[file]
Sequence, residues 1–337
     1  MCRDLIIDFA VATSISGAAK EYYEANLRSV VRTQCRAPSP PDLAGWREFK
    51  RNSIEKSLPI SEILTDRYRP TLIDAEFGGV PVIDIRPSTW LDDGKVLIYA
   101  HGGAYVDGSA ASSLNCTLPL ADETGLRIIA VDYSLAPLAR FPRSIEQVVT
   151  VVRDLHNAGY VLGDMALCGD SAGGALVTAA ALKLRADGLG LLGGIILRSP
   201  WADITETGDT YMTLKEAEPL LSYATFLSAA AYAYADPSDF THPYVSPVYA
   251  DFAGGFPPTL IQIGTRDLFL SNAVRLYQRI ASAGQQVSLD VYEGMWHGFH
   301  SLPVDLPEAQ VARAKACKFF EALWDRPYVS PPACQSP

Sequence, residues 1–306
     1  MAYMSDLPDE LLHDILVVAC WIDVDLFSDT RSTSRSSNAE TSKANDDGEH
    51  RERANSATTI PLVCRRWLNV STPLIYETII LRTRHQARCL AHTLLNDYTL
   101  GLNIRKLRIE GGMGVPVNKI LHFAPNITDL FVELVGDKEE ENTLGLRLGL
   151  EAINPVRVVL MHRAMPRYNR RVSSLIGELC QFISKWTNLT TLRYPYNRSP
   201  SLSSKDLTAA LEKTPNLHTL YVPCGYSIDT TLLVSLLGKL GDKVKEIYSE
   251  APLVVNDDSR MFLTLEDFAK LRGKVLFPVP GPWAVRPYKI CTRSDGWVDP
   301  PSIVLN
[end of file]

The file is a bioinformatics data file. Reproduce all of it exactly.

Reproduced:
Sequence, residues 1–337
     1  MCRDLIIDFA VATSISGAAK EYYEANLRSV VRTQCRAPSP PDLAGWREFK
    51  RNSIEKSLPI SEILTDRYRP TLIDAEFGGV PVIDIRPSTW LDDGKVLIYA
   101  HGGAYVDGSA ASSLNCTLPL ADETGLRIIA VDYSLAPLAR FPRSIEQVVT
   151  VVRDLHNAGY VLGDMALCGD SAGGALVTAA ALKLRADGLG LLGGIILRSP
   201  WADITETGDT YMTLKEAEPL LSYATFLSAA AYAYADPSDF THPYVSPVYA
   251  DFAGGFPPTL IQIGTRDLFL SNAVRLYQRI ASAGQQVSLD VYEGMWHGFH
   301  SLPVDLPEAQ VARAKACKFF EALWDRPYVS PPACQSP

Sequence, residues 1–306
     1  MAYMSDLPDE LLHDILVVAC WIDVDLFSDT RSTSRSSNAE TSKANDDGEH
    51  RERANSATTI PLVCRRWLNV STPLIYETII LRTRHQARCL AHTLLNDYTL
   101  GLNIRKLRIE GGMGVPVNKI LHFAPNITDL FVELVGDKEE ENTLGLRLGL
   151  EAINPVRVVL MHRAMPRYNR RVSSLIGELC QFISKWTNLT TLRYPYNRSP
   201  SLSSKDLTAA LEKTPNLHTL YVPCGYSIDT TLLVSLLGKL GDKVKEIYSE
   251  APLVVNDDSR MFLTLEDFAK LRGKVLFPVP GPWAVRPYKI CTRSDGWVDP
   301  PSIVLN